Italy is a cornucopia of vinous diversity, a boot overflowing with more than 2,000 indigenous varieties. The northeastern regions of Veneto, Alto Adige and Friuli-Venezia Giulia arguably have reawakened Italian white wine production while remaining a reliable source of distinctive, unique red wines.
Typically, these wines display natural freshness and expressiveness of their origins. They are notable for dramatic aromas, precise structure and refreshing acidity. Here I highlight a few worth seeking out from the Veneto. My next column will cover the other regions.
Soave — named after a local village and made with the local garganega variety — long has been a popular light, refreshing white wine. After a period of mediocrity over the last few decades of the 20th century, Soave has been reimagined by attentive, quality-minded wineries such as Inama, which makes wines from estate vineyards in the original Classico district.
The 2018 “Vin Soave” ($16) is delightfully light and tasty with touches of apple, nectarine, lemon, pear and stone fruit nicely balanced with almond notes.
The 2017 “Vigneti di Foscarino” ($26), a special selection of old vines on the east side of the Monte Foscarino, is vinified to express a lush texture and notes of apricot, pear and melon also balanced with almond.
A similar story can be told with Valpolicella — composed of indigenous varieties, mostly corvina with varying amounts of rondinella, corvinone and molinara. A light, easy drinking red gained popularity and evolved into an indistinct sipper. But now Tenuta Sant’Antonio and other serious producers have resurrected the wine’s reputation. The 2016 “Nanfre” ($14) is a round, cherry flecked, sinewy but lush drink.
At the tip of the Valpolicella pyramid is Amarone della Valpolicella. The 2015 Tenuta Sant’ Antonio “Selezione Antonio Castegnedi” ($45) is a fine representative of apassimento, the skillful process of drying the grapes to yield a deep, complex wine of bold dark fruits, hints of mocha and tobacco.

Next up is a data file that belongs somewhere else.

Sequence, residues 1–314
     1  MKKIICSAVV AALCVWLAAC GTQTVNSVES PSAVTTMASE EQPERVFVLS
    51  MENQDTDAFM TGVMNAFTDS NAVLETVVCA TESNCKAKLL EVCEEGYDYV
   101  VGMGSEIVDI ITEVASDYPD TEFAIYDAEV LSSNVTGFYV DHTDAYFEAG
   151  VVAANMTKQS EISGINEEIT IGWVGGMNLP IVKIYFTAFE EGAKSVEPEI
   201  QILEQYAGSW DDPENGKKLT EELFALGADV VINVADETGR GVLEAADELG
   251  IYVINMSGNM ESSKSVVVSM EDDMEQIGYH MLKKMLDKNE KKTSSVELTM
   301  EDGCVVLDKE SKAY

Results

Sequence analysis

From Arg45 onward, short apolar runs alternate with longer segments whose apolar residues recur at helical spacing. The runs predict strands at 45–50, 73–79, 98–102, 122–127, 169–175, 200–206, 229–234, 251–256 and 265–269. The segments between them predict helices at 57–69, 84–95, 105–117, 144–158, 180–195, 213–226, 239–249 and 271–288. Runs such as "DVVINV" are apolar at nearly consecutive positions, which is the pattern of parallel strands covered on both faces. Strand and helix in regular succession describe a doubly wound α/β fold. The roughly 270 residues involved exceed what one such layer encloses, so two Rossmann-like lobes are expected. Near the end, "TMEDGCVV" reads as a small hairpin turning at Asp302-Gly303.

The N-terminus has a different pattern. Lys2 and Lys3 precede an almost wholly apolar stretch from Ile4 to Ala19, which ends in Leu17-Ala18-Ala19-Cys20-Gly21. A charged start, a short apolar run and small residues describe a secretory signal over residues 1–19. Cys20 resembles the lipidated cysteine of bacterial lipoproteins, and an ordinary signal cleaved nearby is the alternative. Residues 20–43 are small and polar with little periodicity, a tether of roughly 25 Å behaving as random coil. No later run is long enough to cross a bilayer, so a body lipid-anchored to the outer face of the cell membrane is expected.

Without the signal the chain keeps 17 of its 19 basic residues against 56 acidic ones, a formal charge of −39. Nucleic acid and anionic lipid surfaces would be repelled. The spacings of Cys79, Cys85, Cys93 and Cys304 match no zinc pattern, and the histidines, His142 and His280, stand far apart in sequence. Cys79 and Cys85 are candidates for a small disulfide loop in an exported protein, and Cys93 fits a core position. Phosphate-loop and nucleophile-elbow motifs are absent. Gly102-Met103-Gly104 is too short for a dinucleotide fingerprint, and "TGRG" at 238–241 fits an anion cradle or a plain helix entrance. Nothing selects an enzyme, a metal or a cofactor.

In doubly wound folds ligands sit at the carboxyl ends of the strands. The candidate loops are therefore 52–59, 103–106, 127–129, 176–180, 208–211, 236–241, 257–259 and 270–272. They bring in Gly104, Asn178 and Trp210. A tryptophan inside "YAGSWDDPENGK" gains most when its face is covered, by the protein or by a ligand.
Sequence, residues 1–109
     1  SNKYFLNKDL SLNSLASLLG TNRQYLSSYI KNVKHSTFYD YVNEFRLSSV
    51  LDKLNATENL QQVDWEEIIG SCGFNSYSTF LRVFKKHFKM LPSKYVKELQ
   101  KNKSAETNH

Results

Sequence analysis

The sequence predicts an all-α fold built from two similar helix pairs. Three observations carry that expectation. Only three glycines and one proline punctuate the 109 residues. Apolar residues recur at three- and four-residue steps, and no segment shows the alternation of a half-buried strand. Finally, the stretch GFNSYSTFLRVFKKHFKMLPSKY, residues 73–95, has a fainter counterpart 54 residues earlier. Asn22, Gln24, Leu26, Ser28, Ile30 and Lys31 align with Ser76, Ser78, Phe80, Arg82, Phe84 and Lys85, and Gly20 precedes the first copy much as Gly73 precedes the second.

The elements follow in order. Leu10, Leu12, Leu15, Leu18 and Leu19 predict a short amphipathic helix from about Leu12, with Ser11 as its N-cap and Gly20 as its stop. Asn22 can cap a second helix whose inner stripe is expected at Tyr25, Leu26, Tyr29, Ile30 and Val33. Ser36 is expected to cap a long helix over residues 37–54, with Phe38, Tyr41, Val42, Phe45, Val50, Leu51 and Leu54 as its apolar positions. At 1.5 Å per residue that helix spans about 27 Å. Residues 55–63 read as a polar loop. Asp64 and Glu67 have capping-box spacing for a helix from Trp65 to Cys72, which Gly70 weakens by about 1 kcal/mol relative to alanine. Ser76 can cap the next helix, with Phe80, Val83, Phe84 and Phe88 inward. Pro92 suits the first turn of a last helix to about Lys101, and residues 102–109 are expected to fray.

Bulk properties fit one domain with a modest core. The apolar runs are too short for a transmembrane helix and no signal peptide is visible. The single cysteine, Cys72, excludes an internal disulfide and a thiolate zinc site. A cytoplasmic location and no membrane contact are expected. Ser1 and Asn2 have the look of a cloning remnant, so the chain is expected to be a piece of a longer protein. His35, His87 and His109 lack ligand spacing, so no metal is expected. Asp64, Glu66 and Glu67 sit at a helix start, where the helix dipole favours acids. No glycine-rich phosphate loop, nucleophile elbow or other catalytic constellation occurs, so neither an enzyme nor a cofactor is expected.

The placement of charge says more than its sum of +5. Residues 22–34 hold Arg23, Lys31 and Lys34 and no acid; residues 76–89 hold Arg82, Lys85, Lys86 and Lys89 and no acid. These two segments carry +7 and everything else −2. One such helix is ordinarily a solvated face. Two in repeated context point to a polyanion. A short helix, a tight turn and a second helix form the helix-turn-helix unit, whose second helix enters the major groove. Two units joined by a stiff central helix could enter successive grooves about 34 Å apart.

In between, Valpolicella Ripasso achieves richer flavors by macerating Amarone pomace (grape skins and solids) with fresh Valpolicella. The result is a wine like the 2015 Tenuta Sant’ Antonio “Monti Garbi” ($20) with its intense black fruits and admirable complexity. Another perennial favorite is the 2014 Allegrini “Palazzo Della Torre” ($23). This one blends fresh Valpolicella with the juice of dried grapes. The result is a wine of substantial structure with deep black cherry accented with spices, smoke and herbs.
Beyond these traditional wines, Inama is a good place to look for the region’s contemporary creativity. I was impressed with two wines from (surprise!) Bordeaux varieties: brought from France by locals.
Turns out the carménère grape has been cultivated in the Veneto for about 150 years, unbeknownst to many. But Inama discovered promising vineyards in the Colli Berici subregion near the village of Vicenza and now produces a fine example. The current vintage is the lithe, bright 2015 “Più” ($21), which includes a sizable dose of merlot.
I also enjoyed the 2015 “Bradissimo” ($30), a blend of 70 percent cabernet sauvignon and 30 percent carménère, for its blackberry fruit and solid structure. It’s a fine alternative to a Super Tuscan.